2. That they may find the person either fit or unfit to stand trial. They are not to determine any other matter (ss11(3), (6)).
    3. That the accused’s fitness to stand trial is to be determined on the balance of probabilities (ss7(3)(b), 11(3)).
  23. The judge may inform the jury of the requirements of the test for fitness to stand trial at the commencement of the hearing or at the conclusion of the evidence.

     

    Notes

[1] All references to legislative sections and schedules refer to the Crimes (Mental Impairment and Unfitness to be Tried) Act 1997 (Vic).

[2] In such cases, the jury must still determine, on the balance of probabilities, whether the presumption of fitness has been rebutted.

Last updated: 9 June 2020

In This Section

10.1.1 – Charge: Investigations into Unfitness to Stand Trial (Mandatory Preliminary Directions)

10.1.2 – Charge: Criteria for Fitness (Issue Raised by Party)

10.1.3 – Charge: Criteria for Fitness (Issue Raised by Judge)

See Also

Victorian Criminal Charge Book

Part 1: Preliminary Direction

1.1 – Introductory Remarks

1.2 – Jury Empanelment

1.3 – Selecting a Foreperson

1.4 – The Role of Judge and Jury

1.5 – Decide Solely on the Evidence

1.6 – Assessing Witnesses

1.7 – Onus and Standard of Proof

1.8 - Separate Consideration

1.9 - Alternative verdicts

1.10 – Trial Procedure

1.11 - Consolidated preliminary directions

Part 2: Directions in Running

2.1 - Views

2.2 - Providing Documents to the Jury

2.3 – Other Procedures for Taking Evidence

2.4 – Unavailable witnesses

2.5 – Witness invoking Evidence Act 2008 s128

Part 3: Final Directions

3.1 - Directions Under Jury Directions Act 2015

3.2 - Overview of Final Directions

3.3 - Review of the Role of the Judge and Jury

3.4 - Review of the Requirement to Decide Solely on the Evidence

3.5 - Review of the Assessment of Witnesses

3.6 - Circumstantial Evidence and Inferences

3.7 - Review of the Onus and Standard of Proof

3.8 - Review of Separate Consideration

3.9 - Judge’s Summing Up on Issues and Evidence

3.10 - Alternative Verdicts

3.11 - Unanimous Verdicts and Extended Jury Unanimity

3.12 - Taking Verdicts

3.13 - Perseverance and Majority Verdict Directions

3.14 - Intermediaries and ground rules explained

3.15 - Concluding Remarks

3.16 - Consolidated final directions

Part 4: Evidentiary Directions

4.1 - The Accused as a Witness

4.2 - Child Witnesses

4.3 - Character Evidence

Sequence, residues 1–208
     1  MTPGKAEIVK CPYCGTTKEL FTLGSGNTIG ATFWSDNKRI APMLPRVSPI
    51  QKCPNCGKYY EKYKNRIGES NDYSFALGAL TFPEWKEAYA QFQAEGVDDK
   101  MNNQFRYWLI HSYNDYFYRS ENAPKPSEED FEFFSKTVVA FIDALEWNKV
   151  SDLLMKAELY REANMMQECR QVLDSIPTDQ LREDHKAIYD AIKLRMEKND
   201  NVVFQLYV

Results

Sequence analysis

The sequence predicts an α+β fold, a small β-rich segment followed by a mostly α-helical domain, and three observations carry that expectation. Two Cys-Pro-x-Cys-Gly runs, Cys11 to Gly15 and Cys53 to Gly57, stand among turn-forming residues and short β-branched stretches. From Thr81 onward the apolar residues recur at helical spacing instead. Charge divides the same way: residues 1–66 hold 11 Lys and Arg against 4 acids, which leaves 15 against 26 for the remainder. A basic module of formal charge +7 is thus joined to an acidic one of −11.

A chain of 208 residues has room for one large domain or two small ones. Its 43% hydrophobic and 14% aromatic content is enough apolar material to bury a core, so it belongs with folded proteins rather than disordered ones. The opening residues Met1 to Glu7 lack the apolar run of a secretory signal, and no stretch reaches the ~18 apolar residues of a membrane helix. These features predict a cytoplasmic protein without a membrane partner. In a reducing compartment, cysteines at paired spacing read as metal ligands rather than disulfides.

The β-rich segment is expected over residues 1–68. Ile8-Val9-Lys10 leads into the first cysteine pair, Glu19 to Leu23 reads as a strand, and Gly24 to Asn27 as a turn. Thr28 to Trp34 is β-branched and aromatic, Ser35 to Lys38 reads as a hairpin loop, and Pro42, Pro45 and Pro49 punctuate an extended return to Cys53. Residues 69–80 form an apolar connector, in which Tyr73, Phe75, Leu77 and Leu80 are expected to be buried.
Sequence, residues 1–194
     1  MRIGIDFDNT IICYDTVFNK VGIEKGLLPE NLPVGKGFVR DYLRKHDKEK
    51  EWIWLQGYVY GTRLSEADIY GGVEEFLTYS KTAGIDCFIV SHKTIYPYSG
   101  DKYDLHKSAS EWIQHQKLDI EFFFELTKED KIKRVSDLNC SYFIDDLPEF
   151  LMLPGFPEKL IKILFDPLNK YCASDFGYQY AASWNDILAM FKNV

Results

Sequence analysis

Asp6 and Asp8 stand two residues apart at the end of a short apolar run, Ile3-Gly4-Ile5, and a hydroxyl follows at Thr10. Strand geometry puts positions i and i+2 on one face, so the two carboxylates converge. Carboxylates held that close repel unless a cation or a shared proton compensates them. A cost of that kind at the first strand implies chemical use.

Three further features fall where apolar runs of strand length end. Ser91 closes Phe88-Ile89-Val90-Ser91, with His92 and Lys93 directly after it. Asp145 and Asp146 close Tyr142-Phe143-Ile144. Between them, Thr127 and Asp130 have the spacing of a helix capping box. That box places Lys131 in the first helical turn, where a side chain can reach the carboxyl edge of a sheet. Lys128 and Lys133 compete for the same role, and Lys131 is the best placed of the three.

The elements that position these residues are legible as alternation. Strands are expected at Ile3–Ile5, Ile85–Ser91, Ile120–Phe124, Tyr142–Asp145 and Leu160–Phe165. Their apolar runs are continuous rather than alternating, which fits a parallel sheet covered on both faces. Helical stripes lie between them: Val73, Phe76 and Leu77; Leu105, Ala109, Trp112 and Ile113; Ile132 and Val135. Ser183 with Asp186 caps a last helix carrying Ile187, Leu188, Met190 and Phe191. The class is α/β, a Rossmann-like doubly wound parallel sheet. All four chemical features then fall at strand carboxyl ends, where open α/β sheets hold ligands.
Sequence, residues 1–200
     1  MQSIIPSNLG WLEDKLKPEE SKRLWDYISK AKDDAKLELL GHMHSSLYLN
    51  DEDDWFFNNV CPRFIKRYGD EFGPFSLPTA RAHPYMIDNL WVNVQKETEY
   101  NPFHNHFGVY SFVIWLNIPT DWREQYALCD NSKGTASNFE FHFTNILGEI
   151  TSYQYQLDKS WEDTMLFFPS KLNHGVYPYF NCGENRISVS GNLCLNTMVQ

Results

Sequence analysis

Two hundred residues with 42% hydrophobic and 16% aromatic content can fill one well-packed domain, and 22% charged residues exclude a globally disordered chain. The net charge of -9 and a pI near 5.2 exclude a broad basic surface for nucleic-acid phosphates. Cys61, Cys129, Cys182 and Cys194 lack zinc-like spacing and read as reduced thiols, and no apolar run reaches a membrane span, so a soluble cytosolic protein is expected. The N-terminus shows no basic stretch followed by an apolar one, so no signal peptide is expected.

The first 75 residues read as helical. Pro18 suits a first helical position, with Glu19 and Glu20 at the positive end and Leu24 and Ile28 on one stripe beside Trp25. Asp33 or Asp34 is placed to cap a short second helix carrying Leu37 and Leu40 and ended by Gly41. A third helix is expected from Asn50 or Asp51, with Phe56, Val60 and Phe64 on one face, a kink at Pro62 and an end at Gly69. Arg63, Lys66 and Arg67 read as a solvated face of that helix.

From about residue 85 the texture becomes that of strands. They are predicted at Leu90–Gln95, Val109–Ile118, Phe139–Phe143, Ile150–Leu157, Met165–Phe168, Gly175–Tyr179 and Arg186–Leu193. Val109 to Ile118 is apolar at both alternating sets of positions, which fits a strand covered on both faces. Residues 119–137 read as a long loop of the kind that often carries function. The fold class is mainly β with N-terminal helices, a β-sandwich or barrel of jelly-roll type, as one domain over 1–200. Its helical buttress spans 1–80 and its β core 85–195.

4.4 - Prosecution Witness's Motive to Lie

4.5 - Confessions and Admissions

4.6 - Incriminating Conduct (Post Offence Lies and Conduct)

4.7 - Corroboration (General Principles)

4.8 - Delayed Complaint

4.9 - Distress

4.10 - Prosecution Failure to Call or Question Witnesses

4.11 - Defence Failure to Call Witnesses

4.12 - Failure to Challenge Evidence (Browne v Dunn)

4.13 - Identification Evidence

4.14 - Opinion Evidence

4.15 - Previous Representations (Hearsay, Recent Complaint and Prior Statements)

4.16 - Silence in Response to People in Authority

4.17 - Silence in Response to Equal Parties

4.18 - Tendency Evidence

4.19 - Coincidence Evidence

4.20 - Other forms of other misconduct evidence

4.21 - Unfavourable Witnesses

4.22 - Unreliable Evidence Warning

4.23 - Criminally Concerned Witness Warnings

4.24 - Prison Informer Warnings

4.25 - Word Against Word Cases

4.26 - Differences in a Complainant’s Account

4.27 - Alibi

Part 5: Complicity

5.1 - Overview

5.2 - Statutory Complicity (From 1/11/14)

5.3 - Joint Criminal Enterprise (Pre-1/11/14)

5.4 - Extended Common Purpose (Pre-1/11/14)

5.5 - Aiding, Abetting, Counselling or Procuring (Pre-1/11/14)

5.6 - Assist Offender

5.7 – Commonwealth Complicity (s 11.2)

5.8 – Commonwealth Joint Commission (s 11.2A)

5.9 - Innocent Agent (Victorian Offences)

5.10 - Commission by Proxy (Commonwealth offences)

Part 6: Conspiracy, Incitement and Attempts

6.1 - Conspiracy to Commit an Offence (Victoria)

6.2 - Conspiracy (Commonwealth)

6.3 - Incitement (Victoria)

6.4 - Attempt (Victoria)

Part 7: Victorian Offences

7.1 - General Directions

7.2 - Homicide

7.3 - Sexual Offences

7.4 - Other Offences Against the Person

7.5 - Dishonesty and Property Offences

7.6 - Drug Offences

7.7 – Occupational Health and Safety

7.8 - Offences against justice

Part 8: Victorian Defences

8.1 - Statutory Self-Defence (From 1/11/14)

8.2 - Statutory Self-Defence (Pre - 1/11/14) and Defensive Homicide

8.3 - Common Law Self-Defence

8.4 - Mental Impairment

8.5 - Statutory Intoxication (From 1/11/14)

8.6 - Statutory Intoxication (23/11/05 - 31/10/14)

8.7 - Common Law Intoxication

8.8 - Automatism

8.9 - Statutory Duress (From 1/11/14)

8.10 - Statutory Duress (23/11/05 - 31/10/14)

8.11 - Common Law Duress

8.12 - Provocation

8.13 - Suicide Pact

8.14 - Powers of arrest

8.15 - Police search and seizure powers without a warrant

Part 9: Commonwealth Offences

9.1 - Commonwealth Drug Offences

9.2 - People Smuggling (Basic Offence)

9.3 - People Smuggling (5 or More People)

9.4 - Use of carriage service for child pornography material

Part 10: Unfitness to Stand Trial

10.2 – Special Hearings